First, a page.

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  • Research article
  • Open Access
  • Open Peer Review

Psychosocial vulnerability underlying four common unhealthy behaviours in 15–16-year-old Swedish adolescents: a cross-sectional study

BMC PsychologyBMC series – open, inclusive and trusted20175:39

https://doi.org/10.1186/s40359-017-0209-9

  • Received: 2 June 2017
  • Accepted: 30 November 2017
  • Published:
Open Peer Review reports

Abstract

Background

Factors that influence unhealthy behaviours in adolescents may have different impacts in different sociocultural settings. There is lack of research on the association between psychosocial vulnerability and unhealthy behaviours in adolescents, particularly outside the United States. The aim was to investigate both direct and indirect relationships between psychosocial conditions (subjective well-being, social relationships and self-esteem) and four health-related behaviours (smoking, alcohol consumption, meal frequency and physical activity) in Swedish adolescents aged 15–16 years. Socio-demographic variables (socio-economic status, gender and age) were also investigated.

Methods

To study these associations, a hypothesised model was tested using structural equation modelling. In the hypothesised model, interrelated psychosocial conditions (low well-being, poor social relationships and low self-esteem) and socio-demographic factors (low self-perceived socio-economic status, being female and higher age) together represented a vulnerability underlying smoking, alcohol consumption, irregular meal frequency and low level of physical activity. In this cross-sectional study, self-report questionnaires were used to collect data from 492 adolescents.

Results

Hypothesised pathways between psychosocial conditions, socio-demographic factors and the four unhealthy behaviours were confirmed. Low well-being was strongly associated with unhealthy behaviours, and poor social relationships showed a strong indirect association with the unhealthy behaviours. Low self-esteem, low self-perceived socio-economic status and female gender were also vulnerability factors for the unhealthy behaviours.

Conclusions

Vulnerability for four common unhealthy behaviours was found in Swedish adolescents. This study presents the interrelationships of psychosocial and socio-demographic factors and how they were related with unhealthy behaviours. The results bring new insight into how psychosocial factors are related to unhealthy behaviours in adolescents living in northern Europe.

Keywords

  • Adolescents
  • Unhealthy behaviours
  • Vulnerability
  • Social relationships
  • Self-esteem
  • Well-being

Background

Unhealthy behaviours have outpaced infectious disease as the primary cause of death in industrialised countries [1]. Smoking, alcohol abuse, unhealthy eating habits and low level of physical activity are great risk factors for a large number of serious conditions and diseases [2]. Meal habits, for example, have been found to be associated with both mental and physical health [3] and are known to be associated with overweight in adolescents [46]. As adolescence is a critical period of life when health-related behaviours are set for adulthood [2, 7], it is crucial that adolescents have healthy behaviours.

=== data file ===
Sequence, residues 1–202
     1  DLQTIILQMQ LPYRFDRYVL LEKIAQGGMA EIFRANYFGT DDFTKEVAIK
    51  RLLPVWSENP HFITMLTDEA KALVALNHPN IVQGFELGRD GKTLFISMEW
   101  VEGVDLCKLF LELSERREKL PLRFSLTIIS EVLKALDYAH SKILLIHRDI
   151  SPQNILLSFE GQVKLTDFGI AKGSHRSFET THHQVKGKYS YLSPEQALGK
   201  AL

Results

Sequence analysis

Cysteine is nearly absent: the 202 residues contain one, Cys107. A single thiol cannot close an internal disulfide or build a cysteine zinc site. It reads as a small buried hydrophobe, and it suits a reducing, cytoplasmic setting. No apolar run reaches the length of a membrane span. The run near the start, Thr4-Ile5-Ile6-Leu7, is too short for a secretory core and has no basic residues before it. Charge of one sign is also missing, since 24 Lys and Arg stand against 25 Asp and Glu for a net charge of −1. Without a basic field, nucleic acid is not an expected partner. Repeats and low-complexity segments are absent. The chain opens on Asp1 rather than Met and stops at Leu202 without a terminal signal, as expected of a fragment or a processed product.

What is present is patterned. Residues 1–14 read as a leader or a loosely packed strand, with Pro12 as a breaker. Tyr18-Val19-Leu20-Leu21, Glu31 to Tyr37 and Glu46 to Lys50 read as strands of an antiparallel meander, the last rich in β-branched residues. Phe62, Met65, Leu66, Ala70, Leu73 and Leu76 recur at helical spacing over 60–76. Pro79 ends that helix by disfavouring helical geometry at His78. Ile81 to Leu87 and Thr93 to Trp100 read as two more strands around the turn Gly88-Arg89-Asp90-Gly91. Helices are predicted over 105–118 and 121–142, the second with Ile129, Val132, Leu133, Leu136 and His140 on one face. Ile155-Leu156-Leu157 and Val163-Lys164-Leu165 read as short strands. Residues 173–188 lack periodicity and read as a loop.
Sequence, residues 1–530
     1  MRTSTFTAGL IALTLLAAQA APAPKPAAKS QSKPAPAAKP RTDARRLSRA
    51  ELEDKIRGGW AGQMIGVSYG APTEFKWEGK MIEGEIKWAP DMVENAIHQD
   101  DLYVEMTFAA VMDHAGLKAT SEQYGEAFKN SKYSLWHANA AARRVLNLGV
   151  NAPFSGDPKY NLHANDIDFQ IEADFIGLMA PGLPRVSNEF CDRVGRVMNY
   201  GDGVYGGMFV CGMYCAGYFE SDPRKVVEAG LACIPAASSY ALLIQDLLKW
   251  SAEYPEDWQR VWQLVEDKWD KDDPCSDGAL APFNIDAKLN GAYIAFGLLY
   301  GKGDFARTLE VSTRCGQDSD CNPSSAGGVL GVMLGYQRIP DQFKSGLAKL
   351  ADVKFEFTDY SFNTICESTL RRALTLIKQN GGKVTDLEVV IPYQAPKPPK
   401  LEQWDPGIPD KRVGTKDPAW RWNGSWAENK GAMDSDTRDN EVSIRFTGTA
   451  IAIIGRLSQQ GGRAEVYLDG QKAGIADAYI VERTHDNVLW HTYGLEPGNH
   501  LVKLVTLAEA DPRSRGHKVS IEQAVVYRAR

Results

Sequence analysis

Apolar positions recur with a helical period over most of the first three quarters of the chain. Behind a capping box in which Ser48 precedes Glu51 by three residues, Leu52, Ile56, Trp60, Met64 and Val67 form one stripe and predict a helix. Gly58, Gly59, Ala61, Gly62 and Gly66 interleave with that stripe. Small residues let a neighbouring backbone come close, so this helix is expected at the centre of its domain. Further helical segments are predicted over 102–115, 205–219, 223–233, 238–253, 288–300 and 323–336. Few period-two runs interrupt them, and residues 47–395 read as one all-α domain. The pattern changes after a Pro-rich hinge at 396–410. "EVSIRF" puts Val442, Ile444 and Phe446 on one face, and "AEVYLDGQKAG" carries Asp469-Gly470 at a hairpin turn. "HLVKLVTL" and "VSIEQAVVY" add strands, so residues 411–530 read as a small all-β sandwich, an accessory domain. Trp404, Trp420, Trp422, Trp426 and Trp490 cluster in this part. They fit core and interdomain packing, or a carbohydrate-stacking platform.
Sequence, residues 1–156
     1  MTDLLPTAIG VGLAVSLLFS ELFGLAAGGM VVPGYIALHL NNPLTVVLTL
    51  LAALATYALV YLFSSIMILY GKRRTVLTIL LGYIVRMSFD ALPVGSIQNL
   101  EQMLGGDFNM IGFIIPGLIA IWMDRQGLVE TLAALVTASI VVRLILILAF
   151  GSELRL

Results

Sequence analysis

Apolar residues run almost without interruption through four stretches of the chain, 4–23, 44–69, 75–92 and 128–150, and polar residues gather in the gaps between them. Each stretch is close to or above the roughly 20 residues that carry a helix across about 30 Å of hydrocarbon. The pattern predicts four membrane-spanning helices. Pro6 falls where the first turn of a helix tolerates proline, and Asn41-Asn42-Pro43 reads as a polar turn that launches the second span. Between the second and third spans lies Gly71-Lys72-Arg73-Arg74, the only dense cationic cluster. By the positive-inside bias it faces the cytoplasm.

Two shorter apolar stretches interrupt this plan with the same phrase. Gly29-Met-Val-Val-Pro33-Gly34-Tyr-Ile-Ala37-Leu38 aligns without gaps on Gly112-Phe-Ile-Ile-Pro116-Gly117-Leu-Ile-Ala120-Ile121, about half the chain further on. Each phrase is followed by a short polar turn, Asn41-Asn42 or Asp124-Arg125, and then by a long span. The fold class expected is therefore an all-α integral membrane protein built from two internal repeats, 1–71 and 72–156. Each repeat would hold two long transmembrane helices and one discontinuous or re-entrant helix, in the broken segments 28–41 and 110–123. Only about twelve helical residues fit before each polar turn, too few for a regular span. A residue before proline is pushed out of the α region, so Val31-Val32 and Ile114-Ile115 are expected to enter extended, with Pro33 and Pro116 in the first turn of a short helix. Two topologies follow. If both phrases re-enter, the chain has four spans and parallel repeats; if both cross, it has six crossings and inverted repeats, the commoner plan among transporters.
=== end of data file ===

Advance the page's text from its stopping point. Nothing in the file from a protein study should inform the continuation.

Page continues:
Adolescence is a period of maturation during which adolescents have to deal with changing social relationships [2] with both family and peers [8]. These changing relationships may influence adolescents’ health-related behaviours. Studies have found social relationships with family [9, 10] and peers [10, 11], as well as self-esteem [10, 12, 13], to be important to a person’s well-being. The research literature has also identified low well-being [14, 15], poor social relationships [16, 17] and low self-esteem [9, 16, 18] to be psychosocial causes of unhealthy behaviours among adolescents. While most of these studies investigated the relationships of individual factors to unhealthy behaviours, increasing number of studies have acknowledged the multifaceted nature of underlying factors of unhealthy behaviours [19].

Jessor and colleagues [2023] performed studies on adolescents in the United States, examining so-called ‘problem behaviours’ (i.e. typical health-compromising behaviours), including alcohol consumption, drug use, precocious sexual intercourse and delinquency. They investigated a wide range of possible underlying factors to these behaviours, including low self-esteem, social isolation and unhappiness, among others [23], and found a grouping of factors that increase involvement in ‘problem behaviours’ [20, 23]. A few similar studies followed that investigated multiple underlying psychosocial factors of health-related behaviours in adolescents [9, 17, 19, 24]. Wiefferink and colleagues performed a systematic review that aimed to identify the extent to which health-related behaviours cluster and whether their determinants were associated. They found that unhealthy behaviours cluster in adolescents and that they share multiple underlying factors, including low self-esteem and poor psychosocial relationships [16]. The grouping of underlying factors may be explained as being a vulnerability that can increase involvement in unhealthy behaviours [19] or, as defined by Blum and Blum [25], vulnerability may be explained as a state, which is generated from the presence of factors that increase the risk for unhealthy behaviours. Research investigating the notion of a vulnerability that contributes to several unhealthy behaviours in adolescents is sparse, however, and most of the existing studies and theoretical models are performed in the United States, whereas few have been conducted in Europe [16]. The American ‘Individual Health Behaviours Model’, as presented by Shi and Stevens [19], builds upon ideas which were first recognised in a report by the Minister of Health in Canada in 1974 [26]. The theoretical model proposes that people with a vulnerability engage in more health-compromising behaviours, such as smoking and alcohol consumption than in health-enhancing behaviours, such as healthy eating and regular physical activity. The ‘Individual Health Behaviours Model’ argues that poor social relationships as well as low self-esteem cause low well-being, which leads to unhealthy behaviours [19]. Although several publications report associations between health-related behaviours and well-being, social relationships and self-esteem [8, 9, 16, 27], the ‘Individual Health Behaviours Model’ has not been scientifically tested.